Cutting Crime Pays — But At What Cost?

Cutting Crime Pays — But At What Cost?

A recent Wall Street Journal article suggests that cities should do anything they can to avoid cutting crime-reduction budgets during these lean times.

There isn’t a city that is escaping the knife in 2009 (if there is, please let me know). Budget cuts are coming, dashing the hopes of many cities to implement better transportation projects or sustainability plans. They’re also taking a toll on schools, libraries, fire departments and police stations. But out in Los Angeles, where the weather is predicted to be a balmy 72 this weekend, police chief William Bratton is adding more cops.

The city is adding 1,000 police officers, pushing its force levels in the Los Angeles Police Department to above 10,000 for the first time. Even as the city faces a more than $400 million shortfall for this fiscal year and next, the police budget — the city’s most costly department — is emerging largely unscathed.
— Wall Street Journal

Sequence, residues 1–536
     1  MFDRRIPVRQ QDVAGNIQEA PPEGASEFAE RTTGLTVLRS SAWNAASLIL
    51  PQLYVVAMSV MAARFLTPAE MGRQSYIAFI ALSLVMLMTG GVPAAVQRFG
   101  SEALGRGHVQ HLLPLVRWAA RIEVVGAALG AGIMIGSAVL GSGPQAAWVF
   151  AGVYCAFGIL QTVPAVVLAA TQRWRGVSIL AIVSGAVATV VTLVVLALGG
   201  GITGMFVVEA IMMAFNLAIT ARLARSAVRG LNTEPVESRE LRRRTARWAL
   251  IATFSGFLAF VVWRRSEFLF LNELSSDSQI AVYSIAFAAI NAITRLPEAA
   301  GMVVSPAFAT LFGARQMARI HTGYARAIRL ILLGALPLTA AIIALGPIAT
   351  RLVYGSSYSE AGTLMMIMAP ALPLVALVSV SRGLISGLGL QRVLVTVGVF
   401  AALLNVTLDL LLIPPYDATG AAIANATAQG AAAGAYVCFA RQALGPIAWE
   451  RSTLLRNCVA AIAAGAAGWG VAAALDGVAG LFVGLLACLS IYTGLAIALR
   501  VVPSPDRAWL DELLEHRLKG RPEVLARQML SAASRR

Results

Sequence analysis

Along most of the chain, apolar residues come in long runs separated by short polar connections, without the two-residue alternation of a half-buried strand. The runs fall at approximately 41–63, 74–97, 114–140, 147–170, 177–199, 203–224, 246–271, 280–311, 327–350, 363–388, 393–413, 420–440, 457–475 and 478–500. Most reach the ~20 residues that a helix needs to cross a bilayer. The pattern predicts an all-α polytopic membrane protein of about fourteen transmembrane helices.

Bratton has been at the job in LA for the past six years and overseen a dramatic drop in crime. According to the WSJ, Los Angeles is on target for 374 homicides this year, compared with 647 in 2002. (As a comparison Philadelphia, a city about one-third the size of LA, recently hit the 300-homicide milestone in a particularly macabre way.)

In order to prove that cutting crime is worth its cost, Bratton has been seriously crunching the numbers. Apparently, each homicide costs LA $1 million. Another $13 million has been saved in prison costs, more money saved with the 31 percent reduction in auto theft. Essentially, Bratton seems to be saying that the city reaps a good return on investment with money spent on cops. Add to that the safe feeling of being able to go outside, and you can imagine that people spend more money and are willing to invest in the city.

But take a more, um, radical approach to the situation and you’ll find some people wondering why the city gets to add more police officers, when it’s already witnessed a good enough drop in crime, at the same time as it’s refusing to spend in other departments. When is enough police enough?

What’s your take? Where should LA or your city be spending its money in 2009?

Diana Lind is the former executive director and editor in chief of Next City.

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